Lemma 8 (Matrix Bernstein [Tro12])

Consider a finite sequence of independent, random, self-adjoint matrices with dimension d such that and almost surely. If the sequence satisfies , then the following inequality holds for all :

 Pr(λmax(∑iXi)≥x)≤⎧⎪⎨⎪⎩de−x24σ2for x≤σ2R;de−x4Rfor x≥σ2R.

The key component of our analysis is bounding the moments of the determinant and adjugate of a certain class of random matrices. This has to be done carefully, because higher moments of the determinant grow more rapidly than, e.g., for a sub-gaussian random variable. For this result, we do not require that the individual components of matrix be rank-1, but we impose several additional boundedness assumptions. In the proof below we apply the concentration inequality of Lemma 8 twice: first to the random matrix itself, and then also to its trace, which allows finer control over the determinant.

Lemma 9

Let , where are independent, whereas and are psd matrices such that for all and . If for and , then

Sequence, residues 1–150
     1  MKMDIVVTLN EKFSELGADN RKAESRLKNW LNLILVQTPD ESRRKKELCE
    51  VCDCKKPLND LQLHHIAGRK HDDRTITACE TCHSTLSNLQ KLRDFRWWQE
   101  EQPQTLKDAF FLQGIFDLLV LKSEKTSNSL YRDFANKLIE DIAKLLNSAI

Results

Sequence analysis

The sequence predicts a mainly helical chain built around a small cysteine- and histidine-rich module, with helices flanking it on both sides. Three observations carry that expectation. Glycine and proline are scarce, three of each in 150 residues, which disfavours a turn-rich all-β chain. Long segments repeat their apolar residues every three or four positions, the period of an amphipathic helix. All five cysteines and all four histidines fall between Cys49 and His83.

Proof  We start by proving (a). Let and denote as the indicator variable of the event that . Since , we have:

 E[|X|p] ≤ηp + ∫1ηpxp−1Pr(−X≥x)dx + ∫∞0pxp−1Pr(X≥x)dx. (3)

Thus it suffices to bound the two integrals. We will start with the first one. Let . We use the matrix Bernstein inequality to control the extreme eigenvalues of the matrix (note that matrix cancels out because ). To do this, observe that and, moreover, , so:

 ∥∥∑iE[X2i]∥∥ =∥∥∑iE[(1−biγ)2]Z2i∥∥≤1γ⋅∥∥∑iZ2i∥∥≤ϵγ⋅∥∥∑iZi∥∥≤ϵγ.

Thus, applying Lemma 8 we conclude that for any :

 Pr(∥I−A∥≥z)≤2de−z2γ4ϵ≤2eln(d)−z22dη2(p+lnd)≤2e−z22dpη2. (4)

Conditioning on the high-probability event given by (4) leads to the lower bound which is very loose. To improve on it, we use the following inequality, where denote the eigenvalues of :

 det(A)etr(I−A)=∏i(1−δi)eδi≥∏i(1−δi)(1+δi)=∏i(1−δ2i).

Thus we obtain a tighter bound when is multiplied by , and now it suffices to upper bound the latter. This is a simple application of the scalar Bernstein’s inequality (Lemma 8 with ) for the random variables , which satisfy . Thus the scalar Bernstein’s inequality states that

 (5)

Setting and and taking a union bound over the appropriate high-probability events given by (4) and (5), we conclude that for any :

 det(A)≥(1−z2)dexp(tr(A−I))≥(1−x2)e−x2≥1−x,with prob. 1−3e−x2p2η2.

Thus, for and we obtain that , and consequently,

 ∫1ηpxp−1Pr(−X≥x)dx ≤ 3p∫1ηxp−1e−x2p2η2dx≤3p√π2η2p⋅∫∞−∞|x|p−1e−x2p2η2√2πη2/pdx

We now move on to bounding the remaining integral from (3). Since determinant is the product of eigenvalues, we have , so we can use the Bernstein bound of (5) w.r.t. . It follows that: